from The American Heritage® Dictionary of the English Language, 4th Edition
- n. Any of several fishes of the family Gobiidae, especially of the genus Periophthalmus, that are found along the western coast of tropical Africa and in the Indo-Pacific region and are able to survive out of water and maneuver on land.
from Wiktionary, Creative Commons Attribution/Share-Alike License
- n. Any of various gobies of the subfamily Oxudercinae that are able to survive out of water by breathing through their skins and having strong pectoral fins that act as simple legs.
from WordNet 3.0 Copyright 2006 by Princeton University. All rights reserved.
- n. found in tropical coastal regions of Africa and Asia; able to move on land on strong pectoral fins
Sorry, no etymologies found.
But in reading this account, weren’t you struck by how cavalierly the news agency threw out the term mudskipper?
If you’re lucky, you may see a fish called the mudskipper climbing on the roots, using its tail and fins as a makeshift set of legs.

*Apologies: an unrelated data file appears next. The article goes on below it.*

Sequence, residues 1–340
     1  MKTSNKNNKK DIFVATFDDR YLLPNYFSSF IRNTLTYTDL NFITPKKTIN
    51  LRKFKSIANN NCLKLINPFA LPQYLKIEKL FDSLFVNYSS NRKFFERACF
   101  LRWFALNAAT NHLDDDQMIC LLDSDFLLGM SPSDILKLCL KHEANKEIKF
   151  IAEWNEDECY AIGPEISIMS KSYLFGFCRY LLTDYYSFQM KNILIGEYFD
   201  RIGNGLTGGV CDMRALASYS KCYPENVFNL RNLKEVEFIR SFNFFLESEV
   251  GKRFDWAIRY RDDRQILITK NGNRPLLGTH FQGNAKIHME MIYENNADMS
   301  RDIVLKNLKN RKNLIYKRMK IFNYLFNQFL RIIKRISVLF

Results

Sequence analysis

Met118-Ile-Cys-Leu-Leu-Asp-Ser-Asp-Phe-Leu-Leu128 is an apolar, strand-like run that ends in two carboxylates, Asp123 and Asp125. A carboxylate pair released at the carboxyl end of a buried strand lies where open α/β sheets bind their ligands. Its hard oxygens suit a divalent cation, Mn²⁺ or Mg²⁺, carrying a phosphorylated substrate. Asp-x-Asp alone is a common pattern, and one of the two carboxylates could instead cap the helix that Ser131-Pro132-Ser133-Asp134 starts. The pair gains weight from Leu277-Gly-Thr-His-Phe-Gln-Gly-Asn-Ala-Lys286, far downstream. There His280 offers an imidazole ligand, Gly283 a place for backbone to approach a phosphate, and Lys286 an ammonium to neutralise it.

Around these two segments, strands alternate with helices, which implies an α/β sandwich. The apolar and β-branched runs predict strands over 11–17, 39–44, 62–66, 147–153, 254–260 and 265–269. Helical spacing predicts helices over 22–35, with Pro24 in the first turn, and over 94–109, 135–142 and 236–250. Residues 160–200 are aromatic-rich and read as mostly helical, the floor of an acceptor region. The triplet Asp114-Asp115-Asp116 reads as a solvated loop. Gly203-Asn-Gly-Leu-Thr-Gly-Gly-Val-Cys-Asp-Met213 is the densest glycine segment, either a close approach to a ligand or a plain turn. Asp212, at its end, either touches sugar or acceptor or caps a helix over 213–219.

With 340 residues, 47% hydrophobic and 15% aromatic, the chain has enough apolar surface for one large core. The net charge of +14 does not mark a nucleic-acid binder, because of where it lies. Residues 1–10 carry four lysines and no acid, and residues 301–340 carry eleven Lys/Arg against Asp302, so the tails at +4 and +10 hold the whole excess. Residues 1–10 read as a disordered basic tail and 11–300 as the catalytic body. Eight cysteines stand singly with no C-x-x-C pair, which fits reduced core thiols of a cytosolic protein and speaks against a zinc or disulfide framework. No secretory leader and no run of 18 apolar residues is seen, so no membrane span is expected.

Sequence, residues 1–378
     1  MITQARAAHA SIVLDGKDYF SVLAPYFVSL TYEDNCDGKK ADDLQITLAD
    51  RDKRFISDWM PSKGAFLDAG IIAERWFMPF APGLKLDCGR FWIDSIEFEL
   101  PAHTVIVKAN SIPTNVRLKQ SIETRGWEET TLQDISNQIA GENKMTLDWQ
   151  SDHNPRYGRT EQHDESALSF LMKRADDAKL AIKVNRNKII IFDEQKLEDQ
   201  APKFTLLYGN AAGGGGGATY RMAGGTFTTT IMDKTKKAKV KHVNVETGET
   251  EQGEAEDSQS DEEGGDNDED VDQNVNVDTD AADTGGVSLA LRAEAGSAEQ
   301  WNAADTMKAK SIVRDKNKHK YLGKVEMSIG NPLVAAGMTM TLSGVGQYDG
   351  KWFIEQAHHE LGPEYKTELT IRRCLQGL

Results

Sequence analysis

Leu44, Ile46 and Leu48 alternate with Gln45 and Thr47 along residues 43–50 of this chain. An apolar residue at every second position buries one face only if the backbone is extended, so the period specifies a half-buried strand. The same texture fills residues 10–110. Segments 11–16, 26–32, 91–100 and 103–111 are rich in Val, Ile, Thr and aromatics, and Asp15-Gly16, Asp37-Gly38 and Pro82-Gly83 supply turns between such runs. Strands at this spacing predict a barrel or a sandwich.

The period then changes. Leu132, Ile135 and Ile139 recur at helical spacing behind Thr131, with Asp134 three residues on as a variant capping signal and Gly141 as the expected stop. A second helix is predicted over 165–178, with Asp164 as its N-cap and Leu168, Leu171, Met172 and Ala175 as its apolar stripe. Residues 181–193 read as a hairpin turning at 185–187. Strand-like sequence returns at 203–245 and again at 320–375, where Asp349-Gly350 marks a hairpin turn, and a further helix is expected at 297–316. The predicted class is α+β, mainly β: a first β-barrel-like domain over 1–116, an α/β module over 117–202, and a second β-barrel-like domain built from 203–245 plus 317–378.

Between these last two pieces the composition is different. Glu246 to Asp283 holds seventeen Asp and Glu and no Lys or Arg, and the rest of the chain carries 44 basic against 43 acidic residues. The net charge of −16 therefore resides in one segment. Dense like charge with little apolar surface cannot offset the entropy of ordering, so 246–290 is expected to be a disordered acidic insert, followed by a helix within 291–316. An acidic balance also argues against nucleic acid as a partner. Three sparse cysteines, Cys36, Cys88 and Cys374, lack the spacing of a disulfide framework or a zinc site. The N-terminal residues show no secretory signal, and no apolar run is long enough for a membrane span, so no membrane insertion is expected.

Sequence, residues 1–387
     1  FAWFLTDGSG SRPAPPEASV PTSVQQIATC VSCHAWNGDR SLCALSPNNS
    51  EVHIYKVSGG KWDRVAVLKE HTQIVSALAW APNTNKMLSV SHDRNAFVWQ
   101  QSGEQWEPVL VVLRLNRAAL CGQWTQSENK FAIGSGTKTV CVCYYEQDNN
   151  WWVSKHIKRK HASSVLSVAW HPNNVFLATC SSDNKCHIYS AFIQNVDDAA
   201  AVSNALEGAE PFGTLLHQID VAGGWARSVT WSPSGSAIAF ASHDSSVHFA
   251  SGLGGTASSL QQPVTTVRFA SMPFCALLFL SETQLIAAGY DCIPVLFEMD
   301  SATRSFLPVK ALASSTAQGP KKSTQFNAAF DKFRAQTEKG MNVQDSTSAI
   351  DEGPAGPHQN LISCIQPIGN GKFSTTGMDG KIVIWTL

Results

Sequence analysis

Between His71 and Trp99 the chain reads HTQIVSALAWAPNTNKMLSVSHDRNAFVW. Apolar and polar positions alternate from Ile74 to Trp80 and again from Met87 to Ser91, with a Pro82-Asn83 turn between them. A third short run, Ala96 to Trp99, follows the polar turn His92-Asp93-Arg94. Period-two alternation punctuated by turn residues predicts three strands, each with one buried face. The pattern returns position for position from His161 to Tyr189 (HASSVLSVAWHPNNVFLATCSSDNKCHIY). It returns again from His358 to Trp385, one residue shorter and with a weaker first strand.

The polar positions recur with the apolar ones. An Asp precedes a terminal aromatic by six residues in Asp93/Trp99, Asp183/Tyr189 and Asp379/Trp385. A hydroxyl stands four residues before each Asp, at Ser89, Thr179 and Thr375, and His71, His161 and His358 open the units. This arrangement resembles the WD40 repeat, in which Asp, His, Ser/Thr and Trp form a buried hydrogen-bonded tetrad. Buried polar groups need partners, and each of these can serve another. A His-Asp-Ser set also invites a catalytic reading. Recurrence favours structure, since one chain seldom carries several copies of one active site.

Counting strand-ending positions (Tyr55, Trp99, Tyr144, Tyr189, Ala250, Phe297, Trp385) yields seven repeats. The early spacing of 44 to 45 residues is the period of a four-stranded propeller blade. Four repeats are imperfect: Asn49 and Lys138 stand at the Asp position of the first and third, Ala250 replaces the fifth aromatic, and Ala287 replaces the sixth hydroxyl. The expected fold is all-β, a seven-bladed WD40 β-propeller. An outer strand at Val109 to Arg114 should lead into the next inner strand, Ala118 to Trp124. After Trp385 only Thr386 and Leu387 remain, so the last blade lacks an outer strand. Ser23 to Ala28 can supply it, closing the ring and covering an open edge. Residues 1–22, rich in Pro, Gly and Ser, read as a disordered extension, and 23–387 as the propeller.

A better example than the mudskipper would be the coelacanths, or lobe-fin fish which, along with lungfish, diverged about the same time as tetrapods (as supported by genetic evidence).
But if he's a fish out of water, then Baker is something of a mudskipper, a fish that also walks on land.
Hey Henry, is what a mudskipper walks on a fin or a foot?
Her mouth opened and closed like a mudskipper as she bleated confusedly, Lord Mountrachet?
They usually lose these kinds of challenges to a marathoner, to a parkour..er, to a mudskipper, and the way their frustration mixes with genuine admiration is part of the fun.
The recent Guinness commercial with the Neandertals, dinosaurs, and the little mudskipper was much better.
I suddenly felt, well, terribly old as I watched a mudskipper hopping along with what now seemed to me like a wonderful sense of hopeless, boundless, naive optimism.
There's one fish that existed about 350 million years ago which was very like a mudskipper.